FAST HAIRCUT in a Cooperative Farm

The tools: 1 comb and 1 scissors


My hairdresser at the Cooperative Model-Farm

A visit at a hairdresser is a travel experience to me I’m always looking forward to. I enjoy the special attention that comes with a hair cut or a shaving. There is also a difference in style from country to country.

Hair Salon, Cooperative Farm, Wonsan area, North Korea.

AFTER SEVERAL UNSUCCESSFUL attempts to get a haircut in Pyongyang, I got one at a Cooperative Model-Farm in the Wonsan area on the East Coast of North Korea.

Tong Hui, our female guide told me I could get a haircut at the hotel in Pyongyang but I wanted one in the City, a local one. She refused. Due to the fact that I could not leave the hotel in Pyongyang (nor in any other City we stayed overnight) and was not allowed to go for a walk on my own I saw no possibility to find a local hairdresser.

I told Tong Hui that I could move freely in China and could go to the hairdresser as I wished. She was sort of surprised. She wore Chinese cloths and had a Chinese handbag but could not grasp how worlds apart China and North Korea are. I don’t know if my China-remark helped.

North Korea exists like a hermit. In our interconnected world it looks like a proto-hermit country, totally sealed up to the outside world and tightly controlled within.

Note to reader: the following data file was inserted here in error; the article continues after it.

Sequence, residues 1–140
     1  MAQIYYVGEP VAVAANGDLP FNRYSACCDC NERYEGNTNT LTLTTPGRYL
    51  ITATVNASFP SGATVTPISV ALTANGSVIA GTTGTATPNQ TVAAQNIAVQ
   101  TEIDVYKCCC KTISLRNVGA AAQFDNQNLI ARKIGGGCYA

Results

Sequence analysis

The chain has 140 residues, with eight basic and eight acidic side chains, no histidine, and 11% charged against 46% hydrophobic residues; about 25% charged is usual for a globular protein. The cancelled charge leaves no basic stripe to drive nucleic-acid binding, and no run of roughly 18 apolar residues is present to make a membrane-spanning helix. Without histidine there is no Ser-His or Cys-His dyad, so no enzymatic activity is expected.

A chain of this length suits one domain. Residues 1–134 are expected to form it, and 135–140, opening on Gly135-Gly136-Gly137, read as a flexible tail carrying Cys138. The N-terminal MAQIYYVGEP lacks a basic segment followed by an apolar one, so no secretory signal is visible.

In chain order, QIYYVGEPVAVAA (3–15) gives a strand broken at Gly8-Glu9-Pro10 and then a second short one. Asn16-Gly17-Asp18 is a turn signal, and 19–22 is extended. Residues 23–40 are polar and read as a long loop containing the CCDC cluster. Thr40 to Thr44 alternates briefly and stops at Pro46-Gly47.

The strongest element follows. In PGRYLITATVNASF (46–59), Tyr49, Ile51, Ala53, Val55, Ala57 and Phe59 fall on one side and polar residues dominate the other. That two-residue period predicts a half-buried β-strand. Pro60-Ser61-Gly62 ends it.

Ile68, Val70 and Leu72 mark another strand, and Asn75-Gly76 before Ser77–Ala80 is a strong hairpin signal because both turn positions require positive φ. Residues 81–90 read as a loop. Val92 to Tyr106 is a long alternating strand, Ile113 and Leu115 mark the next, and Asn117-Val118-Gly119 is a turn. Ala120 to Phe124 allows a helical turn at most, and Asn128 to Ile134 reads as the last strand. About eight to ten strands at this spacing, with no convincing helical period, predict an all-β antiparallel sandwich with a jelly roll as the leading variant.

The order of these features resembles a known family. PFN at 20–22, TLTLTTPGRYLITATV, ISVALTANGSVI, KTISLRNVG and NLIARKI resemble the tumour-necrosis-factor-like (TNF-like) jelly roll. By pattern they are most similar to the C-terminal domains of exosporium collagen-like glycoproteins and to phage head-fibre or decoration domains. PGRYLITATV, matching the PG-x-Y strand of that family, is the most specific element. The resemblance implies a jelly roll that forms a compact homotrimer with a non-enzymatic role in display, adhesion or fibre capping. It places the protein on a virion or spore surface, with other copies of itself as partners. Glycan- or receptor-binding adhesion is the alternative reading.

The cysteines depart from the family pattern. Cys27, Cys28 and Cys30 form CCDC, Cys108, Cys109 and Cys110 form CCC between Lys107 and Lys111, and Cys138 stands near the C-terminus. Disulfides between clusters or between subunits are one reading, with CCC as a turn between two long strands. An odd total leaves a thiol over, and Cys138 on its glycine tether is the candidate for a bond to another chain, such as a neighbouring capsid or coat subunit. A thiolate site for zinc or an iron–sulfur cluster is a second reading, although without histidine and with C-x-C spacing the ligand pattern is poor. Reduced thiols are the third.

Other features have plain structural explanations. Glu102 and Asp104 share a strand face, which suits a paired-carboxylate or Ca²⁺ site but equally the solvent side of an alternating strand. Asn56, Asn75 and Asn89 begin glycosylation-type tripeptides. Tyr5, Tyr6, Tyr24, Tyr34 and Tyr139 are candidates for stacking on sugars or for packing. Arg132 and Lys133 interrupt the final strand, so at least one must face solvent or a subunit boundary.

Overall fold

But where there are people there is flexibility! Two days later, my guide Tong Hui surprised me with a haircut offer in a very special location!

Haircut in progress

She was elated when she received the Go-ahead! from the woman in charge at the Cooperative Farm and even made some photos in the salon herself.

She was in charge of the hairdressing salon at the Cooperative Farm in the Wonsan area

It was the first haircut  she had organized for a foreigner 250km outside of the hotel in Pyongyang. She took good care, asked me if I felt satisfied and instructed the hairdresser girl. Yes, I had not expected that!

On the way out, the hair salon had a romantic bar

The salon had a romantic bar with liquor, beer, candies and dried fruit from the Cooperative Farm. Ursula bought some dried fruit, they tasted delicious.

One of my "permanent" guides together with the local guide are waiting at the bar. Who has an eye on whom? The Guides on me or the guides on each other?